This course is a general introduction to Islamic faith, practices, history and culture. Our method of study will make reference to both the normative textual sources of Islam and the lived experience of the Muslim community through centuries. After a brief overview of the approaches to the study of Islam as they have emerged over centuries in the West (and our own method of study this semester), we will explore Islam as a religion, discussing its core beliefs, most important rites, religious texts and various religious and intellectual disciplines such as law (shari‘ah), theology (kalam) philosophy (falsafah) and mysticism (tasawwuf). Our study will also encompass Islamic culture and its various artistic and aesthetic expressions as developed over centuries. The course will close with discussion of early Islamic history and Islamic sects (such as the Shi‘ites) and a brief overview of the present state of the Islamic world and its relationship with the West in modern times.
Possibly, over 1.6 billion human beings identify with “Islam”, as their religion, their way of life, their path to God or/and sometimes as a revolutionary alternative to the western worldview and ways of life. An overview of its origins in history, doctrines, myths and core beliefs, rites and rituals, aesthetic and cultural expressions, lived Muslim experience, and various religious and intellectual, this course examines “Islam” as a “religion”. Our explorations will encompass various introductory texts on “Islam” written by both Western scholars and well-known Muslim intellectuals writing for the Western audience. This textual study will be complemented by a variety of weekly multimedia sources. While careful listening to these various “introductions to Islam” (and nuances that separate those from one another), our study will culminate in your working in groups and developing your own “introduction to Islam”. Your group “introduction to Islam” will then be contested and debated by other competing accounts presented by your classmates. Our study will conclude with theoretical considerations in defining Islam, and discussion about criteria for navigating and choosing or rejecting these varying and often competing interpretations of Islam.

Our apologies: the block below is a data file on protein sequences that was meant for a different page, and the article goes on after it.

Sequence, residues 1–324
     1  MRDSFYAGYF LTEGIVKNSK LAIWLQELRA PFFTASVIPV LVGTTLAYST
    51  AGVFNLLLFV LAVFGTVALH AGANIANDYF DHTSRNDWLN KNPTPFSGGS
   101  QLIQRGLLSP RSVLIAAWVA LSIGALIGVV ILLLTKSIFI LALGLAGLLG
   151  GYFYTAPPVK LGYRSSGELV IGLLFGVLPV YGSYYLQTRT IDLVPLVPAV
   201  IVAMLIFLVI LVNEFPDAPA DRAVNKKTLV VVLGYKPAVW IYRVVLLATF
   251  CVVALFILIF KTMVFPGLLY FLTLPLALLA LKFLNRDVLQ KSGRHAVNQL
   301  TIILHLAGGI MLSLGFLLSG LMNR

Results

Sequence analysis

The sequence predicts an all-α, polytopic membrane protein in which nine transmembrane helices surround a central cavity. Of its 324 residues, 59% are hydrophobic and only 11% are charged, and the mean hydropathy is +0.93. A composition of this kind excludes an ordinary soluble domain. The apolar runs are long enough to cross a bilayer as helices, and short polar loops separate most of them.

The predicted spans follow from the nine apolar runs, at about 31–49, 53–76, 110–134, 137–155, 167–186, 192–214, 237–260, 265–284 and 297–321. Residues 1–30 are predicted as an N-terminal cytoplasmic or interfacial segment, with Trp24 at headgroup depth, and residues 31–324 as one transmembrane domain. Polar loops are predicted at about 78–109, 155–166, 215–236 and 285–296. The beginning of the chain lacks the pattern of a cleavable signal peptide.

Obviously and inherently polyvalent and subject to various interpretations, our study this semester, hopefully, will also show that the term “Islam” is a potent and highly complex analytical category with serious political and social ramifications, for example, in debates such as “Islam and the West”, “Radical Islam”, “women and gender in Islam”, and in questions posed such as “is Islam compatible with democracy?” or “is Islam a peaceful religion?” In the process it is hoped that the students would appreciate the complicatedness of any serious attempt to “introduce Islam”, and the stakes that underlie it.
This class has been imagined as a book club in which members have chosen to learn about “Islam” over the period of a college semester. Each week a group from among the book club members will set the agenda for the two meeting sessions on Tuesday and Thursday. The role of the instructor is to suggest texts (that’s the Course Outline below!) and be a facilitator in the learning process. How the instructor can facilitate the book club and its goals will depend on how the group in charge of setting the agenda for the week utilizes him.